Dear Penny: Is My Underachieving 52-Year-Old Boyfriend Using Me?
My boyfriend is a bit of an underachiever. He’s 52 and makes $15 an hour working about 25 to 30 hours per week. He has his paychecks garnished for back child support. He says he was injured and couldn’t work much when his kids were growing up, so he only nets a couple hundred a week. He lives with his parents and doesn’t pay for food or rent.
Meanwhile, I’m a single mom earning over $100,000 working two jobs. I’m not super rich because I have college-age kids to support and a pretty sizable mortgage. I paid off my boyfriend’s past debts, his cell phone bill, his auto insurance and all our dating expenses, such as entertainment and eating out. It’s getting expensive, and I’m going into debt.
I miss being able to go on a couple of decent vacations each year. (He says he will go with me, but he has zero funds to contribute.) He really is a sweet man who treats me really well, but I’m starting to resent this arrangement. Is he using me?
Maybe your boyfriend is using you, or maybe he’s just really lazy. You’ll never know with 100% certainty what’s going on in his head. Regardless, though, it sounds like you feel used in this relationship. Don’t dismiss that feeling.
Another glaring red flag you shouldn’t ignore is your boyfriend’s delinquent child support. Do you believe he did the best he could to provide for his kids? If the answer is no, RUN. Someone who shirks their responsibilities as a parent is unlikely to be a good partner.
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Let’s assume you still want this relationship to work, though. The easiest way to figure out if your boyfriend is using you is to close your wallet. Quit paying for dates. And for heaven’s sake, do not pay this grown man’s bills again. Tell him the truth — which is that you need to cut back on expenses because this relationship is putting you in debt. If your boyfriend is using you, he’ll bolt pretty quickly.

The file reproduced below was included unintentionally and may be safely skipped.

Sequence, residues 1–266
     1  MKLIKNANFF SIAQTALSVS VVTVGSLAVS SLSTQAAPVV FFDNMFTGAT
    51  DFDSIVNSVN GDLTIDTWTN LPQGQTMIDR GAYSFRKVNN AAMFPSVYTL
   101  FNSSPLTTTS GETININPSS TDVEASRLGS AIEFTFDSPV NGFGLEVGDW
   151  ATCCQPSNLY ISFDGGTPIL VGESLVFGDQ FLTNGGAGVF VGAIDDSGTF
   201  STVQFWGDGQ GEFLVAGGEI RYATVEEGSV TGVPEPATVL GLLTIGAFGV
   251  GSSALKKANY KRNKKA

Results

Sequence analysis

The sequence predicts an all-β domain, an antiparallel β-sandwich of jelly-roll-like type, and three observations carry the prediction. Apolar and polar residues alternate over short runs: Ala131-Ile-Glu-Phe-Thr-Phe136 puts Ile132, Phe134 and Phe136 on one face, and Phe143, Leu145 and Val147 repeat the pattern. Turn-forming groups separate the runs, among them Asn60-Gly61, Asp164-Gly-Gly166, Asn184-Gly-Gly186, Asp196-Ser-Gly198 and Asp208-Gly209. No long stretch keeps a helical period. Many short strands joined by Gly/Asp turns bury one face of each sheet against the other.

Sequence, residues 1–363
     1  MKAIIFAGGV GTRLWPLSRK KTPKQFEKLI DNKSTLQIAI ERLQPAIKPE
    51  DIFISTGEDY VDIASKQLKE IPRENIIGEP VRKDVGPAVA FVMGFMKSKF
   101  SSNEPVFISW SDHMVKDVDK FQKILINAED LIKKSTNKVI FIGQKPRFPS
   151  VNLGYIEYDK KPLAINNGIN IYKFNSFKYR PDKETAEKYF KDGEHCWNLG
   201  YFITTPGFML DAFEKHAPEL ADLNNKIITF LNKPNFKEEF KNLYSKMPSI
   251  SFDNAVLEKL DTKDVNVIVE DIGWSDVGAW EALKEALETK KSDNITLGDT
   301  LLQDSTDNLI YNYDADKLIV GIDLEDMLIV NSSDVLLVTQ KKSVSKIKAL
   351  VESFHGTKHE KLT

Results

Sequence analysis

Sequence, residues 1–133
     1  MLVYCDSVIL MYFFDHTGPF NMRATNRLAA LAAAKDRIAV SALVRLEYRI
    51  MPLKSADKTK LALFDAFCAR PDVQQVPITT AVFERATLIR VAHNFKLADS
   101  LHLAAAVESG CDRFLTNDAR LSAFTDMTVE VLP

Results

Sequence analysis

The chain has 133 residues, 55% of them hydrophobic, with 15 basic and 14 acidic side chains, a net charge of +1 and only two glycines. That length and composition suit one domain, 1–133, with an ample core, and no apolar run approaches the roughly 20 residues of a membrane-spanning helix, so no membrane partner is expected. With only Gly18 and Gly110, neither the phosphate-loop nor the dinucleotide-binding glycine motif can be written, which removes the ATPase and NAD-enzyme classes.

But if he’s simply lazy, he may stick around, even if he doesn’t put much value in your relationship. Sure, he’ll be disappointed that his girlfriend is no longer functioning as his ATM. But sometimes lazy people linger in relationships because they’re getting entertainment and affection. If you dumped him, your boyfriend would need to find these things elsewhere. That requires at least a modicum of effort.
What you need to do is test whether he’s willing to match your effort once you take money off the table. If he does value the relationship, this is a perfect opportunity for him to prove it. Ask him to take turns cooking dinner for each other at home or planning inexpensive date ideas. See if he can come up with something better than Netflix and chill.
Outearning your significant other doesn’t necessarily spell doom for a relationship. What often is a deal breaker, though, is when your work ethics are completely out of sync. You obviously have goals if you’re driven to work two jobs and earn six figures on top of being a single parent. But some people are content with keeping themselves fed and clothed, even if it means living with their parents forever and never climbing out of debt.
Though you say your boyfriend is a sweet man who treats you well, don’t give him too much credit. It’s easy to be pleasant when someone caters to you, especially when you also place zero expectations on them.
Should you decide to continue this relationship, it’s essential that you keep your finances separate. That means no co-signing for him, no paying his bills and no moving in together.
And once you’ve paid off the debt that you’ve accrued from this relationship, please take one of those vacations you’ve been missing. Even if you’re still with your boyfriend, there’s no rule that you have to travel together. You can take a solo trip or travel with a friend or go on a group tour. Don’t put your life on hold in hopes that your boyfriend will morph into a financially responsible adult.
Ultimately, you have to ask yourself whether you’re willing to continue things more or less as is, with you footing the bill for every splurge. Maybe you enjoy his companionship so much that you’re fine with that. But it’s also OK to decide that you want to build a life only with a partner who shares your ambition.
Robin Hartill is a certified financial planner and a senior writer at The Penny Hoarder. Send your tricky money questions to [email protected].
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